……after an easy (enough) trip South from Brunswick. We pulled away from the dock on Oct. 30th and made our way down the Coast to the northern tip of Amelia Island. There, at Tiger Point boatyard, we got the Slappey hauled out and replaced our ancient propeller (that is always the ‘Royal We.’) I contributed by agreeing to stay aboard while we were on the hard, after threatening to get an expensive hotel room. Instead, I opted for an expensive rental car, as the Tiger Point boatyard is next to absolutely nothing. I attempted to walk back from the town of Fernandina once, and a lady with a minivan full of kids was so taken aback by seeing me walking on the busy road to nowhere, that she stopped and insisted that I let her drive me to the marina. I agreed to do her that favor.
After only two days propped up on jackstands, we were back in the water, and given dock space at Tiger Point while we waited for the winds to calm. We were hoping to go on the outside all the way to Ft. Pierce, but gave up and started down the Intracoastal once again. After a couple of really blustery days of travel, the weather cleared and we had a fine time heading down to some familiar places, and some new places. For example, on the way North in the Summer, I had wanted to stop in New Smyrna Beach, but couldn’t fit it into the schedule; this time we did. New Smyrna was one of the stops on the famous Clem family vacation of 1968 (the ONLY Clem family vacation, as I never tired of reminding my parents,) and all I could remember of it was that there were cars parked right on the beach. Today, in 2016, there are STILL cars parked right on the beach. I thought it was neat when I was 8. At present, I am not impressed. But the town of little New Smyrna is cute enough. It also has a surprising amount of current running through the marina, which we were slow to acknowledge on the day we left. Somewhat improbably, we hit no one on the way out.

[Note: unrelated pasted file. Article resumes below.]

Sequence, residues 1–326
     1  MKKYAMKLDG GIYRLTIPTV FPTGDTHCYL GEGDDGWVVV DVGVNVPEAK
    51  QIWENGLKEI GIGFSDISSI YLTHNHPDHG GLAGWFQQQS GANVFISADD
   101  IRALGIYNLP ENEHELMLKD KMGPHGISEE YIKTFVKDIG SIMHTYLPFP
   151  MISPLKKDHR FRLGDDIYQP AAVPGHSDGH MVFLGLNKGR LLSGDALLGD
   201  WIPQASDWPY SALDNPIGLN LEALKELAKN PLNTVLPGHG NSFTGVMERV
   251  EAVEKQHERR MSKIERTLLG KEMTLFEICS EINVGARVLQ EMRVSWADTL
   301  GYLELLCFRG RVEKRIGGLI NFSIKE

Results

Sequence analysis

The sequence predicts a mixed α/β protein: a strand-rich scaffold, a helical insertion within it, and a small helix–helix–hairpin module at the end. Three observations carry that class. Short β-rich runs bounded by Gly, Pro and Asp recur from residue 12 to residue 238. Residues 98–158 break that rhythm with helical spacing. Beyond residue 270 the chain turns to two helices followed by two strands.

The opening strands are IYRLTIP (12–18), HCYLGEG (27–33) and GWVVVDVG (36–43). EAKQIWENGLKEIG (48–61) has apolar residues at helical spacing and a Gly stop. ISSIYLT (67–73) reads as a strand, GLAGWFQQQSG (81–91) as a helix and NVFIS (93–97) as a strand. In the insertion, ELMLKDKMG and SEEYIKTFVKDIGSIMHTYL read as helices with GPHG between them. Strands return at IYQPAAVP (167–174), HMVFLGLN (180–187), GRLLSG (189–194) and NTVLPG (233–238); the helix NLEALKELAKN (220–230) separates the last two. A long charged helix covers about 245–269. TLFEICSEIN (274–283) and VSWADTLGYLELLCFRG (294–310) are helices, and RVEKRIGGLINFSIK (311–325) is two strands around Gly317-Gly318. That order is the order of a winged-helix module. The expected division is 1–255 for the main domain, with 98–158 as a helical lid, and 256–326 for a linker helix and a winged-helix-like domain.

We made it to Ft. Pierce by mid-November, hoping to stay for awhile, but there was no room at the inn, so we left after a week– and a nice Thanksgiving in their new cruiser’s lounge. Ft. Piece City marina has great new docks, a very persnickety electrical supply, and more marine life around the docks than I have ever seen. Many birds, dolphins and manatees (yes, manatees) around the boat, and so many fish one might have been able to walk across the water on the backs of them. I suppose it helped that the marina store sold fish food to all the tourists. We particularly like the A.E. Backus art museum next door. He was a Ft. Pierce native who did gorgeous Florida landscapes, and served as a mentor to the Highwaymen, a group of Florida landscape painters who sold their art from the trunks of their cars, having been frozen out of the usual galleries for painting while Black. There is a great number of their paintings at his museum as well. Should anyone wish to purchase expensive original paintings for me, they could do much worse than anything by A.E.Backus or any one of the Highwaymen.
The day after Thanksgiving, we decided to head West, through the middle of Florida, via the Okeechobee Waterway. There are three things to be mindful of when planning a trek across Lake Okeechobee–weather (it’s a very large, very shallow body of water,) water datum of the lake (constantly changing,) and your boat’s mast height from the waterline. This is because there is a very limiting 49 foot railway lift bridge. Therefore, only smallish boats like the Slappey can make it through. It so happened we had fair weather, a lake datum of nearly 15 feet (making the depths doable for our draft of 5 feet,) and a mast height of only 44 feet. So, we went for it. One week and five locks later, we ended up in Ft. Myers.
The locks were much smaller than the grand Hiram Chittenden locks in Seattle, which we had traversed a few times, so we weren’t terribly worried, but there is always drama involved. We had to devise a system of guarding our solar panels which might be smushed up against the concrete lock wall if left unattended to. Once or twice, there was frantic shoving and boat hook activity, but no harm was done to the solar panels in the end. There was also yelling, plus my right arm still aches from holding the bow in tight to the wall. Otherwise, there was nice scenery in the canals leading to and from the lake, including a few gators, but not so much near the lake itself. The canal around the bottom is ringed by a high, bare levee. Every few miles there is another gravel pit, and some hurricane gates…all in all, pretty industrial looking. Our anchorage at the very bottom of the lake was notable for hundreds of birds, and about a goober-gabillion bugs. They didn’t bite us, they only swarmed us and got stuck in the buckets of dew that sloshed on deck every morning. The area is also known for sugar cane, which was being burned at the time, raining ash down on the Slappey.
So now we are in Ft. Myers, on the west coast of Florida. There is a nice revitalized and historical downtown, free trolleys, a big new library about 2 blocks away, and the Edison and Ford winter estates to tour. We plan to spend some time here before a lazy gunkhole north toward St. Petersburg.
That brings us to Ft.Myers, and a post for another day.